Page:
5 ways to avoid flu in the summer

Here are ways you can keep germs at bay and maintain optimal health this summer

UMNIA SHAHID May 19, 2016

Scorching heat brings with it an array of hitches — sunburn, skin rashes, dehydration and summer colds. Falling ill in the summertime seems to last longer, and often feels worse than experiencing the doldrums in winter. As compiled from licescience.com, Reader’s Digest and Women’s Health magazines, here are ways you can keep germs at bay and maintain optimal health this summer.

Summer colds can upset your stomach as well
as your head

Colds that strike you in the summertime are caused by a virus (enterovirus) that’s different from those to blame for winter colds (rhinovirus), says New York City-based internist Keri Peterson, adding that they can cause stomach upset in addition to respiratory symptoms like sneezing, congestion, and fever. These summer germs spread not only through respiratory droplets, but also through fecal matter. And to make things worse, summer colds often last longer and have a higher chance of recurring, according to Dr Bruce Hirsch, attending physician for infectious diseases at North Shore University Hospital in Manhasset, NY. “The summer cold is really kind of tricky,” Hirsch said, adding, “Probably because the viruses that cause it [can be] different than a winter cold. Something about it is awful and insidious.” Make sure to wash your hands, especially well after you use the bathroom.

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Avoid freezing cold air-conditioning

Moving between warm outdoors and air-conditioned inside spaces can make people more vulnerable to sickness in summer, according to Ronald Eccles, director of the Common Cold Centre at the University of Cardiff in Wales, in the Wall Street Journal. The chilling “lowers the defenses in the nose and throat by causing constriction of the blood vessels,” he said. “If a virus is already present, this reduces our immunity.” Another summer-specific factor that can up the odds for colds is constant exposure to re-circulated air, which can dry out the lining of the nostrils, giving an open port to viruses.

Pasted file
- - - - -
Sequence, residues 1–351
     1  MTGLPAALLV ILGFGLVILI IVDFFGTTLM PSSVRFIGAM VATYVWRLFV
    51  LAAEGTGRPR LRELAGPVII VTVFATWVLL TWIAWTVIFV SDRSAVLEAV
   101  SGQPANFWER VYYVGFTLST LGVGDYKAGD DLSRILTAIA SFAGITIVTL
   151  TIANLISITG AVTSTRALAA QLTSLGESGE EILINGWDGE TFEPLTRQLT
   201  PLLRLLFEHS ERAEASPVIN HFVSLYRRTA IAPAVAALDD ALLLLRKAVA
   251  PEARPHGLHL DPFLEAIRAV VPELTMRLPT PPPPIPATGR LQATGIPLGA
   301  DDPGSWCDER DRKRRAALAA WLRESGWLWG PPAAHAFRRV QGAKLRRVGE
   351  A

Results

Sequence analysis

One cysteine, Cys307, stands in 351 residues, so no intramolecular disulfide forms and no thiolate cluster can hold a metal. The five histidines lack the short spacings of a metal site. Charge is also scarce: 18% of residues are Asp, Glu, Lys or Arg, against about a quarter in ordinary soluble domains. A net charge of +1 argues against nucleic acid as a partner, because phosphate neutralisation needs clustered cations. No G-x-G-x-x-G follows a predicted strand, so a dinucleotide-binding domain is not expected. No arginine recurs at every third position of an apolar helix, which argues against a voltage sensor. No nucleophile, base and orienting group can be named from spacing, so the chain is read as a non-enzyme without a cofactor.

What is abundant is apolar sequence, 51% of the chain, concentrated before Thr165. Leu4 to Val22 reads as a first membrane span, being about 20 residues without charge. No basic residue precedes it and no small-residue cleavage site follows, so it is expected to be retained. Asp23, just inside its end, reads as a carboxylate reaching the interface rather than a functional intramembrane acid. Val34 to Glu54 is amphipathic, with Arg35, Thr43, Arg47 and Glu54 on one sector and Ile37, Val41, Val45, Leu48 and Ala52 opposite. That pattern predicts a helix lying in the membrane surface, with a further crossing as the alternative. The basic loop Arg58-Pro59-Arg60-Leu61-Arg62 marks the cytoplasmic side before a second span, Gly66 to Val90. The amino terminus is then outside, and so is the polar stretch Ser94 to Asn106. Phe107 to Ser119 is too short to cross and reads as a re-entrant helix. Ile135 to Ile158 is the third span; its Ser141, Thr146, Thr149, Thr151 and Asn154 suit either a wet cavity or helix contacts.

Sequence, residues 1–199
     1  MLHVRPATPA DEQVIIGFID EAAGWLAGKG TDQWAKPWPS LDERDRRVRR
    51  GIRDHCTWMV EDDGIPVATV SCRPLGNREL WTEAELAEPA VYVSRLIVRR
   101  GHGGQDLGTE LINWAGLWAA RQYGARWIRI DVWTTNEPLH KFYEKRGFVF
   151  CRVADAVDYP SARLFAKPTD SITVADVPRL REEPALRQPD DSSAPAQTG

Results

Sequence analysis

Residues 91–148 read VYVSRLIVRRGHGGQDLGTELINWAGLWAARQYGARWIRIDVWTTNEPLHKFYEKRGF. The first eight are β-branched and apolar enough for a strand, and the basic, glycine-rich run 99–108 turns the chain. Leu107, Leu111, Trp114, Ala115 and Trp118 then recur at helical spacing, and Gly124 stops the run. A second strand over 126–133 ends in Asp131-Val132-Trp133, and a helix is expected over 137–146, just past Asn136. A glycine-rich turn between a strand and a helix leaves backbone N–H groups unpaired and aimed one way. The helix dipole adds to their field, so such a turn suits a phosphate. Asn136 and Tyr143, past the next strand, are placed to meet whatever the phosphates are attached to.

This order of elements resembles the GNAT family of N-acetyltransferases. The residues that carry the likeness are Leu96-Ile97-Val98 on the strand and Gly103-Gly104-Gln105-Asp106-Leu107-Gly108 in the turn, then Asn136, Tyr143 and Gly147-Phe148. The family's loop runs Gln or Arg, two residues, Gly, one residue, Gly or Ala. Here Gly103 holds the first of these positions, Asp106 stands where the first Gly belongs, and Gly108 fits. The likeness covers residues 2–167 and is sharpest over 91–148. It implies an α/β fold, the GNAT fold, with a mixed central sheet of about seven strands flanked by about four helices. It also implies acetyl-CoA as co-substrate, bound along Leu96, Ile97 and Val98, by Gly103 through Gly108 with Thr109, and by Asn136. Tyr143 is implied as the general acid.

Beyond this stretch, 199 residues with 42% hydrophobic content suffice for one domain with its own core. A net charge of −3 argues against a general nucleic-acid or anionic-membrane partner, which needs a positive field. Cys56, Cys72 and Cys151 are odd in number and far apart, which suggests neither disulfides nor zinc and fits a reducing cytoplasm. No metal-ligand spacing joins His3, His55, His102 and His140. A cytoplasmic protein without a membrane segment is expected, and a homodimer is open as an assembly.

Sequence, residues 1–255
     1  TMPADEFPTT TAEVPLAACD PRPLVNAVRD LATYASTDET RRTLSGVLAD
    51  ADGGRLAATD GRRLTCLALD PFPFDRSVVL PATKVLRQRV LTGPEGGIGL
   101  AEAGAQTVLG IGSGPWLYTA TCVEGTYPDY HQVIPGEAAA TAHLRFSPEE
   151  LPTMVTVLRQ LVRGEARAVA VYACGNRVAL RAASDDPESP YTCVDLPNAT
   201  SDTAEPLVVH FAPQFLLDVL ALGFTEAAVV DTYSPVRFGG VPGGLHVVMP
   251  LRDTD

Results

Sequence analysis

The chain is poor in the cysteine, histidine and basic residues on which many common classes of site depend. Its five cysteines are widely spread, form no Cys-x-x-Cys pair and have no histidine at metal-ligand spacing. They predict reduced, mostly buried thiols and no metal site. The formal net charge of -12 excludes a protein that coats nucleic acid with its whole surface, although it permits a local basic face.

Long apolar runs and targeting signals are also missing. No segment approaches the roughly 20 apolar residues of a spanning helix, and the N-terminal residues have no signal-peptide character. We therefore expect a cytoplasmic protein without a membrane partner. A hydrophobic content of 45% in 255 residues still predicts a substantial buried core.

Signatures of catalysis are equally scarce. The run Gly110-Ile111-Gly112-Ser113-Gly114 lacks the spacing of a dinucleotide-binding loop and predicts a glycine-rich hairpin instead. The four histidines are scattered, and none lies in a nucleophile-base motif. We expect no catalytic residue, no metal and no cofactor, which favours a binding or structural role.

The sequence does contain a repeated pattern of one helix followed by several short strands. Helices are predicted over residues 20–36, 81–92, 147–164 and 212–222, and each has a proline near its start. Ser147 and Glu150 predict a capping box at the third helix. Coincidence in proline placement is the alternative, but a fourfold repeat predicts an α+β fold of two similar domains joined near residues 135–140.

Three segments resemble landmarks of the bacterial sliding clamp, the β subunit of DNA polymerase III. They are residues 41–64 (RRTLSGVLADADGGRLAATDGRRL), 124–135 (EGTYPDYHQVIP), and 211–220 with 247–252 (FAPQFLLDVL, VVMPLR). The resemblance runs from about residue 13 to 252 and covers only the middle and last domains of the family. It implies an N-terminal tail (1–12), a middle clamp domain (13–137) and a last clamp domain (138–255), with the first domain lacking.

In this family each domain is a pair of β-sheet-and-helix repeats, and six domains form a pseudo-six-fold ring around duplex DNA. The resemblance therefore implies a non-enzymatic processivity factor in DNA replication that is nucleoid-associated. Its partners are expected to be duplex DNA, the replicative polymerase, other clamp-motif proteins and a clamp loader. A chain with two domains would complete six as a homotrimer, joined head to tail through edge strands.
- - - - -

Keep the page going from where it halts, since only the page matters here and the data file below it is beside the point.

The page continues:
Exercise can leave you more vulnerable

Specialists say it’s okay to exercise with mild cold symptoms — the physical activity may even boost your immune system. That’s not true for the viruses that cause summer colds, shares Dr Hirsch. “Those who have been sedentary through the winter should gradually ease into physical activities because enterovirus is the only infection associated with strenuous exercise,” he says. “We go outdoors and exercise vigorously, maybe when we’re not in great shape. That’s when these enteroviruses like to show up.” So if you’re feeling under the weather this summer, maybe skip the gym until you recuperate.

The best remedy is time — unfortunately

As with your winter cold, you can treat some of the symptoms with medicine, but you won’t feel fully better until the virus clears your system. Until that happens, Dr Peterson recommends using lozenges or gargling with salt water for a sore throat; relieving stuffiness with a saline rinse or a decongestant; taking cough medication for coughing; and lowering temperature with a fever-reducer. On top of all that, it’s imperative you keep hydrated, get plenty of sleep, and avoid strenuous activity till you heal.

One clue it’s not allergies: aches

Because summer colds and flu can last for weeks, people frequently assume their prolonged symptoms are allergies instead of pesky viruses. Both conditions tend to cause post-nasal drip, a sore throat, headache and congestion, according to GroupHealth, a Seattle-based health care system; but allergies don’t cause fever or muscle aches. If you’re experiencing frequent body aches, there’s a chance you could be coming down with something. For another clue, look at your eyes, advises Dr Peterson. The eyes of people with allergies tend to be puffy and bloodshot, as opposed to those who have caught a summer bug.

Published in The Express Tribune, May 20th, 2016.

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